by Vic V. Vizcocho, Jr.
THE arrest of three (3) drug pushers and the seizure of close to a million peso worth of methamphetamine hydrochloride or shabu within the Subic Bay Freeport over the weekend has brought to fore the need for a more clear cut and thorough cooperation between the Subic Bay Metropolitan Authority (SBMA) and the Philippine National Police (PNP).
Amid the enhanced community quarantine (ECQ) due to the Wuhan Virus (Covid19) Pandemic, SBMA Chairman and Administrator Wilma T. Eisma directed SBMA law enforcers to intensify operations against criminality after the successful two-day joint operation by the Olongapo City PNP and the SBMA Law Enforcement Department (LED).
According to a report from the SBMA LED, law enforcers first apprehended Reygine Cuaresma, 27 years old and a security guard working for a private firm in the Subic Bay Freeport, and Laverne Gabriel y Echalar, a 39-year old resident of Dinalupihan, Bataan who worked as a trailer driver for a trucking firm here.
The two were arrested on Wednesday, May 6, after picking up a poseur-buyer at the Subic Gateway Park. Police said the two yielded several plastic sachets containing suspected shabu and, upon investigation, pointed to Elmer Padel Sr. y Lila as their supplier.
Padel, a 42-year old resident of Subic, Zambales and an on-call dock worker here, was arrested the following day, May 7, after he agreed to meet with Cuaresma and Gabriel at a gasoline station near the Tipo Gate to receive “remittance” from drug sales.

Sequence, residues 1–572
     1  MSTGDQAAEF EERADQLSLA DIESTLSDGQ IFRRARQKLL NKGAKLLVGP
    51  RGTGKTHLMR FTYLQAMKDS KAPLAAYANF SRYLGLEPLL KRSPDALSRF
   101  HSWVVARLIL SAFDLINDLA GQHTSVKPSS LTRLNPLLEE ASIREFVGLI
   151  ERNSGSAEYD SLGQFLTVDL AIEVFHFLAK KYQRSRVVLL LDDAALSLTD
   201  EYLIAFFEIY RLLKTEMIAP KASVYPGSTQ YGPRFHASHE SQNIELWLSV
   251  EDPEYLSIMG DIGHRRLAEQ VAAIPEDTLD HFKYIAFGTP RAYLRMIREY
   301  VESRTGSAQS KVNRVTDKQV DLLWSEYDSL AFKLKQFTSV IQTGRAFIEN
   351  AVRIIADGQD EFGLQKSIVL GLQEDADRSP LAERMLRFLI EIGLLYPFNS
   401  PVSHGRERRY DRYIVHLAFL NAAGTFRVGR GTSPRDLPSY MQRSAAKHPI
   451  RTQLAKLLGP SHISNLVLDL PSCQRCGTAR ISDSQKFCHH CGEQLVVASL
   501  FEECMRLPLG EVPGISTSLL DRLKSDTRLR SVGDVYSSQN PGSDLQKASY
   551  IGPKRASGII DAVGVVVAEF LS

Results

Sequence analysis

Padel, in turn, pointed to two other suspects as sources of the illegal drugs, but police said subsequent operations against them turned out negative.
Eisma congratulated the operatives for the arrest of the three suspects, but also urged them to step up the fight against criminals.
PCol. Benjamin De Leon Sembrano, Olongapo City Police Office (OCPO) Chief, told Subic Bay News (SBN) that drug pushers are taking advantage of the PNP’s absence in the Freeport, as the SBMA LED has the responsibility and task of the Zone’s security and safety.
“Nakaka-alarma, sa loob operations nila, nakatago sa SBFZ (Subic Bay Freeport Zone), walang PNP presence sa loob at hindi capable ang SBMA to detect such nefarious activities,” Col. Sembrano said, “good, magagaling police natin at Drug Enforcement Unit (DEU), napakagat natin sila sa Buy Bust Operations at sa loob mismo napili ng mga drug dealers magbenta dahil mas nakakagalaw sila sa loob.”
Sembrano said tactical interrogation revealed that truck drivers and workers of Freeport Zone companies are the clients of the drug dealers.
“We should strengthen and widen police operations in the Freeport to deter illegal activities during the ECQ because some culprits may be emboldened to commit crimes now that they see there are only a few people around,” Eisma said.
“We should prove these criminals wrong,” Eisma said. “You’ve done a good job getting the pushers, so I say go after the users too, because pushers won’t be selling illegal drugs when there is no demand for the stuff,” she added.
Eisma also stressed that the SBMA “is solidly behind the President’s war against illegal drugs.”
At the same time, the SBMA chief noted that despite ECQ constraints that minimized the operations of the Subic agency to essential services, “security and law enforcement units continue to be fully operational.”
“Patrols are, in fact, more frequent these days because there are a lot of businesses that have temporarily closed their facilities and the SBMA is looking after these, too,” Eisma pointed out.